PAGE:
Fixing a Windows 10 issue such as disabled background apps can feel like a daunting challenge, but the troubleshooting process does not have to be difficult because Windows offers unique troubleshooters.
These troubleshooters can automate the process of resolving many common issues in Windows 10. They are easy to use, and as a Windows 10 administrator you can simply select the troubleshooter that best matches the problem you are having. From there, Windows 10 will do the rest.
Where is the Windows 10 Troubleshooter?
You can access the Troubleshooter in Windows 10 by opening Settings and clicking on Update and Security, followed by the Troubleshoot tab. This will bring you to the Troubleshoot screen (Figure 1).
The first option on this screen asks if you want to be notified before Windows runs a troubleshooter. By default, if a problem occurs and a troubleshooter could help, Windows will ask if you want to run a troubleshooter. However, you can also configure this option to run a troubleshooter automatically -- with or without notifying you -- or to disable troubleshooting altogether.
The window also contains a link to the history of Troubleshooter use within the OS. This type of historical data allows you to see what issues Windows has experienced in the past. For example, the System Protection Troubleshooter ran several times in May 2020, when the machine was running low on disk space (Figure 2).
Common Windows 10 issues to troubleshoot
If you need to troubleshoot a specific problem, click on the Additional Troubleshooters link (Figure 1). This will take you to the Additional Troubleshooters screen (Figure 3).
This screen provides access to the individual troubleshooters. However, not all Windows 10 issues can be resolved with these native troubleshooters. Still, there are other simple fixes you can try for many of these problems.
Updating issues or a problem after the update
If you experience problems with a Windows Update or if Windows exhibits problems following an update, you can use the Windows Update Troubleshooter to resolve the issue. On the Additional Troubleshooters screen, click on the Windows Update icon (Figure 3), followed by the Run the Troubleshooter button.
The Windows Update Troubleshooter checks for several issues, such as missing service registrations or settings that have been changed.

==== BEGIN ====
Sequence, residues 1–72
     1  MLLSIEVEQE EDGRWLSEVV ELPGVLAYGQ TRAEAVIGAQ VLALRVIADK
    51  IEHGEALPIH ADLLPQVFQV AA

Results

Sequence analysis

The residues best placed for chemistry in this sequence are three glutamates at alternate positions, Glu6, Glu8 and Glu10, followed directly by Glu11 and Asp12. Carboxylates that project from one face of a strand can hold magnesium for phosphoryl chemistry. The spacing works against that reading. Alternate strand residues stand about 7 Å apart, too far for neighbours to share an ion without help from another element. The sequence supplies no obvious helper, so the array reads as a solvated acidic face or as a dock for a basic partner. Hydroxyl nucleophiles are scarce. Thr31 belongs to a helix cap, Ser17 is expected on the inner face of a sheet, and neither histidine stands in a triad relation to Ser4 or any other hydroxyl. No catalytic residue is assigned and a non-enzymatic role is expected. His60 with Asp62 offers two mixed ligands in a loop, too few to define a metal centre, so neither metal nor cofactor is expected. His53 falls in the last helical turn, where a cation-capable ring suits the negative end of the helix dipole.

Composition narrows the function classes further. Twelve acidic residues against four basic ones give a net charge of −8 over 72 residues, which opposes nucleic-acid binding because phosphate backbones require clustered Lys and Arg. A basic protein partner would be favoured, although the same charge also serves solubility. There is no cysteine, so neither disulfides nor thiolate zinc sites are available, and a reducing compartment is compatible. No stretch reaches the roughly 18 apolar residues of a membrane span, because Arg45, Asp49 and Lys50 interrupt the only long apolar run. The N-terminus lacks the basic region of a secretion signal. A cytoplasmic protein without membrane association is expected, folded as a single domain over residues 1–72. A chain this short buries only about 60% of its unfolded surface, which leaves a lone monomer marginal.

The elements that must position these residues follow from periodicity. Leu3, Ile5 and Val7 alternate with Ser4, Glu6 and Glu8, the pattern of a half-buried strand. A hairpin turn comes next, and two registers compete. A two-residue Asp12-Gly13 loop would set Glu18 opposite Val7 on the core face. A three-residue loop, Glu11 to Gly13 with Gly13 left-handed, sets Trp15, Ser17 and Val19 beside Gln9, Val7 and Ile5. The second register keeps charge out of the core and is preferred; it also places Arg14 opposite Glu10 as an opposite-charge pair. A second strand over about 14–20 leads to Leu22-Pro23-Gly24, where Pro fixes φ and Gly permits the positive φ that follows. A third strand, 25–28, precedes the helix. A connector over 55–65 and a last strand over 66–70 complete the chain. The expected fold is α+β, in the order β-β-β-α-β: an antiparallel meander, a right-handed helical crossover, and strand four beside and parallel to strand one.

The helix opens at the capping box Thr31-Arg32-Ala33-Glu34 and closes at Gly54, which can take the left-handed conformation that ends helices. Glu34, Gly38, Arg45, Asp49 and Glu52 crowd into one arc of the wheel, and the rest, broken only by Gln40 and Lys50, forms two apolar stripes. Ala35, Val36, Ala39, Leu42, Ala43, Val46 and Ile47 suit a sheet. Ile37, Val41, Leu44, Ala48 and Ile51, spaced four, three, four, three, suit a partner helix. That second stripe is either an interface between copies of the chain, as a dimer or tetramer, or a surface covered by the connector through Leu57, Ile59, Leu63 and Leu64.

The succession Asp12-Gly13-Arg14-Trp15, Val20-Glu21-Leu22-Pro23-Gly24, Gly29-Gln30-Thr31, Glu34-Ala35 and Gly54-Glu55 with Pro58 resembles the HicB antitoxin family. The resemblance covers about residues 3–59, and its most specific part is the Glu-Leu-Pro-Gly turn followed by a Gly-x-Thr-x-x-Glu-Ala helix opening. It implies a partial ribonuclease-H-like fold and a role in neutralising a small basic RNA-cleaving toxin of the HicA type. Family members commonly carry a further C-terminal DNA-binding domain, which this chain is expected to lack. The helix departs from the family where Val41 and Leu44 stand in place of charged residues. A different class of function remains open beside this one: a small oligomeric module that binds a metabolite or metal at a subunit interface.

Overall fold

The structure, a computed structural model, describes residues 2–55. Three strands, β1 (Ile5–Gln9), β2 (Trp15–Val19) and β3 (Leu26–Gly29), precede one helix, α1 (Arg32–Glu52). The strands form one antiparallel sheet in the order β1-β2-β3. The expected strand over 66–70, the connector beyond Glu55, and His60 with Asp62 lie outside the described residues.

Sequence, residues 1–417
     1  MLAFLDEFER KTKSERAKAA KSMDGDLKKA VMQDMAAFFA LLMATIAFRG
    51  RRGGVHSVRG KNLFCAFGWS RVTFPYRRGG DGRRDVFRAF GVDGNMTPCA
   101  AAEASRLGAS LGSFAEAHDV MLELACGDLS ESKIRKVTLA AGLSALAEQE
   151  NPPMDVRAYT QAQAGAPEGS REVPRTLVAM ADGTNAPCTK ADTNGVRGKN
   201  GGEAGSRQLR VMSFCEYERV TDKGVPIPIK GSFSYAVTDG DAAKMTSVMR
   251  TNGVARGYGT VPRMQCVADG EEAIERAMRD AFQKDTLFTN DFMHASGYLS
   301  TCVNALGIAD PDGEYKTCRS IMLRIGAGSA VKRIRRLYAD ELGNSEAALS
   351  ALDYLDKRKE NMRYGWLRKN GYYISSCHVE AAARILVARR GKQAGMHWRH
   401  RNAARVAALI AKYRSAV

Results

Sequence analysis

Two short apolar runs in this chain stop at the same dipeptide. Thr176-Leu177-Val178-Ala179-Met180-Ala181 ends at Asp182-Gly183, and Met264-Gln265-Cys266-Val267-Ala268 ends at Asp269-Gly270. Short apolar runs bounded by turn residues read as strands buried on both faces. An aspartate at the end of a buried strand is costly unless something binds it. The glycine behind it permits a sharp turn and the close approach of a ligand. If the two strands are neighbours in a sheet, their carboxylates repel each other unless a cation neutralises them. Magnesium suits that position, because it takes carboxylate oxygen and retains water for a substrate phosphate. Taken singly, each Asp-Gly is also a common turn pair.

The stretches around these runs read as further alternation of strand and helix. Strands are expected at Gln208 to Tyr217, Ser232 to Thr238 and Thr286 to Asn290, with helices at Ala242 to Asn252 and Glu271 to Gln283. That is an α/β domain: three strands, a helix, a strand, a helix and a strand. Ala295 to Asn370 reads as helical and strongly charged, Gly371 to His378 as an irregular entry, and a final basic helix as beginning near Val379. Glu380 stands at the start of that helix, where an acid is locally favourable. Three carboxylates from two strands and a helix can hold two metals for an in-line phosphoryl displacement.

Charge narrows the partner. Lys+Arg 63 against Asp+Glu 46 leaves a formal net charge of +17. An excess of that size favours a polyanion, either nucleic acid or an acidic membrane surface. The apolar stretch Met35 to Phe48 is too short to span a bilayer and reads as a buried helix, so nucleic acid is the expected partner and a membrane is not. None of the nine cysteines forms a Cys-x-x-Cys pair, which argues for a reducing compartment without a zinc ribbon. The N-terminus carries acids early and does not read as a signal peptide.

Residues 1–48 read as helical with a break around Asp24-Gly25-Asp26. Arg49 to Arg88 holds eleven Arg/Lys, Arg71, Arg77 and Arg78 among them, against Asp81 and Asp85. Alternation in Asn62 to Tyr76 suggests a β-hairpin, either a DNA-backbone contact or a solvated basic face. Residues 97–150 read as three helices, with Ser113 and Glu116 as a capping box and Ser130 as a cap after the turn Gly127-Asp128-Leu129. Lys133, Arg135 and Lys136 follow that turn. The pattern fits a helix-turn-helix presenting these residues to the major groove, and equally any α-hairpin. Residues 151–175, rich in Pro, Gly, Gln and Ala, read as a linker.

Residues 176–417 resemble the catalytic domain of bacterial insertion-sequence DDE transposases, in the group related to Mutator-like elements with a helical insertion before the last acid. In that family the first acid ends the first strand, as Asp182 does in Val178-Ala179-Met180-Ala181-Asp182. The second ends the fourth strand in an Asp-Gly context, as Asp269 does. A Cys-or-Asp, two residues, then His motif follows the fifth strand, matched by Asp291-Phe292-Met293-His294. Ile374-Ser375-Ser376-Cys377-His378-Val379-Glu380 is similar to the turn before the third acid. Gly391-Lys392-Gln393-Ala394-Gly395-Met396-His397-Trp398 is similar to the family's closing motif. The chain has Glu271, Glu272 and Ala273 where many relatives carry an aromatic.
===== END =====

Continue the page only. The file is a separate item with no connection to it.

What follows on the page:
Issues with background apps
If you are having trouble with background apps, running the Windows Store Apps Troubleshooter can be an easy fix. This troubleshooter will check for missing and corrupt files, as well as other issues associated with Windows Store apps.
If the troubleshooter cannot resolve the issue and you continue to have problems with disabling or disabled background apps, go to Settings and click Privacy. Next, click the Background Apps tab. This tab includes an option to allow apps to run in the background. There is also a separate "run in the background" option for each individual app.
Missing DLL files
If your computer is experiencing issues with missing dynamic link library (DLL) files, you can begin your troubleshooting efforts by running the Windows Update Troubleshooter and the Windows Store Apps Troubleshooter. These will both look for missing or corrupt files.
If the troubleshooter cannot correct the problem, open an elevated Command Prompt window and enter the following command:
SFC / ScanNow
This will run the System File Checker, which scans for missing DLL files.
Wi-Fi connectivity issues
If you are having trouble connecting to a Wi-Fi network, you should start with the Network Adapter Troubleshooter.
When the troubleshooter begins, it will display a list of the network adapters that are present in your PC. Select the wireless network adapter and click Next. Windows will perform a series of diagnostic tests to determine why network connectivity is not working properly.
Problems with Bluetooth
If you are having problems with Bluetooth connectivity, you can run the Bluetooth Troubleshooter. From there, Windows will begin looking for Bluetooth-related problems.
The troubleshooter may report that the device does not have Bluetooth in some cases. This is especially true if Bluetooth is disabled within the computer's BIOS, or if you are using an external Bluetooth adapter. In these situations, make sure that Bluetooth is enabled -- if it is integrated into the computer's system board -- and that any required device drivers are installed.
Can't start in safe mode
If you are unable to boot your computer into safe mode, you might start the troubleshooting process by running the Windows Update Troubleshooter. If this troubleshooter fails to find any problems, enter the MSConfig command at the computer's Run prompt. This will launch the System Configuration tool. Select the tool's Boot tab and make sure that the safe mode checkbox is selected and click OK.
Another option is to boot the machine from the Windows installation media and click the Troubleshoot option, rather than installing Windows. Select Troubleshoot, followed by Advanced Options. Go to Windows Startup Settings and click the Restart button when prompted. You will be taken to a screen that allows you to enable safe mode.
Problems with PnP devices
If the plug and play (PnP) device that you are having trouble with happens to be an audio device or a network adapter, you can run the Playing Audio Troubleshooter or the Network Adapter Troubleshooter.
For other PnP devices, open the Windows Device Manager, right-click on the device that you are having trouble with and select the Update Driver command from the shortcut menu. Windows will help you to find a more suitable driver for the malfunctioning device.